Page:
EMERYVILLE, Calif.—KineMed Inc., a specialist in theidentification and measurement of the dynamic biochemical processes that causedisease, recently announced that it has been awarded funding by the Michael J.Fox Foundation (MJFF) Industry Partnering Program.
The MJFF sponsored KineMed's recently completedpathway-based biomarker study of neuronal function, which measures differencesin brain neuronal transport function in Parkinson's patients compared tohealthy controls. Using KineMed's proprietary proteome dynamics technology,this research showed, for the first time, abnormalities in biochemical pathwaysin neurons in the living brain that appear to be associated with thepathogenesis and disease progression of Parkinson's disease.
"Our foundation is devoted to developing direct, proactiverelationships with industry, in order to drive advances toward bettertreatments for Parkinson's disease," says Dr. Todd Sherer, CEO of MJFF. "ThePartnering Program encourages select awardees like KineMed to publiclyhighlight their organization, team and projects, providing a formalized processfor encouraging the kind of collaboration needed to make progress."
KineMed President and CEO David Fineman says the companywelcomes new alliances with "pharmaceutical collaborators interested in usingthe cutting-edge techniques that we have brought to bear on the challenge ofParkinson's disease."
"Research over the last decade has revealed this disease tobe much more complex than was thought at first, and we now understand whyearlier generations of drugs that focused on a single metric, such as dopaminelevel, could not provide a cure," Fineman adds. "Just as a physician is able todirectly ask a patient whether he's feeling better, a single cerebrospinalfluid sample allows us to directly query the overall health of living neuronswithin the brain. Our unique ability to sample several pathways simultaneouslynot only detects whether patients have Parkinson's or other neurodegenerativeconditions, but also enables us to monitor progression and therapeutic reversalof underlying, disease-driving processes that are responsible for a patient'sclinical course. This measurement approach enables drug developers to knowearly on if their investigational therapies have genuine disease-modifyingeffects that allow neurons to recover."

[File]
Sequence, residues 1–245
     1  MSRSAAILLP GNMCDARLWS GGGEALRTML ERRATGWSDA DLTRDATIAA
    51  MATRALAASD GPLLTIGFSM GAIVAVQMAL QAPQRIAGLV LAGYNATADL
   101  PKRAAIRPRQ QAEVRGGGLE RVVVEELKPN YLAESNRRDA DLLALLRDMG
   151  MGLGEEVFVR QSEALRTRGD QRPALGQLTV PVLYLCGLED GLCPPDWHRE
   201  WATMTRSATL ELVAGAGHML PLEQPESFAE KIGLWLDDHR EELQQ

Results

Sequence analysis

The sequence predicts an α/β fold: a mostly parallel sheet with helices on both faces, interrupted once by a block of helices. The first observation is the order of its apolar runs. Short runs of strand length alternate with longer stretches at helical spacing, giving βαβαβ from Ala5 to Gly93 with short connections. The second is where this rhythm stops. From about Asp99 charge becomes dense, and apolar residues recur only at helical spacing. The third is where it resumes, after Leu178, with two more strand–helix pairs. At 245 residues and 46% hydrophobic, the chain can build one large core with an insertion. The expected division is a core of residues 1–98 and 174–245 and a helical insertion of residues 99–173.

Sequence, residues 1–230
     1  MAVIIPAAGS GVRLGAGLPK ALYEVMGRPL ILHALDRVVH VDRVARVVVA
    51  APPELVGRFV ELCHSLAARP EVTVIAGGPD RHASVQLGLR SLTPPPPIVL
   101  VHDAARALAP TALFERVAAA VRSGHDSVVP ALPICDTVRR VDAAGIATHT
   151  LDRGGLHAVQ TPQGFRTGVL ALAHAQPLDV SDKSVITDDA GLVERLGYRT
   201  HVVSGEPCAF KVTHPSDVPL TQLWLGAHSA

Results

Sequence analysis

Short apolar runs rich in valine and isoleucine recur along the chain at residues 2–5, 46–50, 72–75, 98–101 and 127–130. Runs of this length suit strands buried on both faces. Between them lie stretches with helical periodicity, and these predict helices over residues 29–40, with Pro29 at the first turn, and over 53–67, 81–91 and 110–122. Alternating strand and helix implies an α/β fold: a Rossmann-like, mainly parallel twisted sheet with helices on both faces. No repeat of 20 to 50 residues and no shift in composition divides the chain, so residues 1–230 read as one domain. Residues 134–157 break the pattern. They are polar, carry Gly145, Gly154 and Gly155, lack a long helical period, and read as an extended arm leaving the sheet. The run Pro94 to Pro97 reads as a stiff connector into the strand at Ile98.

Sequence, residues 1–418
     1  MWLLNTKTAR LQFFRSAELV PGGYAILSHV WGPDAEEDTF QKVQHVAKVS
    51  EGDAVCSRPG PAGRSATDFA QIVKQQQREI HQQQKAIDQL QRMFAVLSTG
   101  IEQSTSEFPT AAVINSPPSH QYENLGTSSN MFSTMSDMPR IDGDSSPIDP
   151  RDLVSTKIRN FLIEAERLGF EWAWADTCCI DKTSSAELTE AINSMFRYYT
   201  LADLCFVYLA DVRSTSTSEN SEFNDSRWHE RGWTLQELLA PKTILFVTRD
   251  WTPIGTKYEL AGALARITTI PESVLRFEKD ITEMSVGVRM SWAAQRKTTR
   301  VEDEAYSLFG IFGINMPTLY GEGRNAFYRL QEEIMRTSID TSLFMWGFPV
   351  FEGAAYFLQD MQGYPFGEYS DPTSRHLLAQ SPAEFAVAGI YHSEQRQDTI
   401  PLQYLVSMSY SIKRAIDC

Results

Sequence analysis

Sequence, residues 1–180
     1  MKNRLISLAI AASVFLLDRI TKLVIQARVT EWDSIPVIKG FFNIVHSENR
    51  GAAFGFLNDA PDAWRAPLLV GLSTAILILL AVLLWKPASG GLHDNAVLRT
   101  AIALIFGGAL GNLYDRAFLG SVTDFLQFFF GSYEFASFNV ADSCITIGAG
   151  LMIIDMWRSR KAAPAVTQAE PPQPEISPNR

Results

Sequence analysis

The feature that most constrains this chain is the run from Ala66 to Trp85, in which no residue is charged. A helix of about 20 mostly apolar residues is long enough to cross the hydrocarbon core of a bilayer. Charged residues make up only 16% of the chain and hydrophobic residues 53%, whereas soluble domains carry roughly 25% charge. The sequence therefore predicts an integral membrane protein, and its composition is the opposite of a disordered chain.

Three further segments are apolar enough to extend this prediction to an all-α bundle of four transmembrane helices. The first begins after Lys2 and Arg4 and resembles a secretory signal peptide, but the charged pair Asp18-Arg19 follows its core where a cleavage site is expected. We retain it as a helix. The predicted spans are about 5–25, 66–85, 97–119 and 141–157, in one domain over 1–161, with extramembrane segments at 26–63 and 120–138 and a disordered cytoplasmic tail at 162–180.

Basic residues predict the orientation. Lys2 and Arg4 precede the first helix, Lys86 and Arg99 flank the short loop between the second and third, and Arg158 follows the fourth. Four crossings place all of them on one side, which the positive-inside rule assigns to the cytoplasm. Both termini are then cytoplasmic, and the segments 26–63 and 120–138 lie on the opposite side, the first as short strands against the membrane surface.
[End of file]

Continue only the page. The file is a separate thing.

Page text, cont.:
Dr. Marc Hellerstein, chief of the scientific advisory boardof KineMed, says this work represents "a tremendously promising clinicalapplication of the proteome dynamics technology that KineMed has beendeveloping."
"The capacity to measure the metabolic biology of proteincargo molecules in the living human brain had not previously been possible.This technology has the potential to transform the clinical monitoring ofParkinson's patients, as well as other diseases," Hellerstein adds.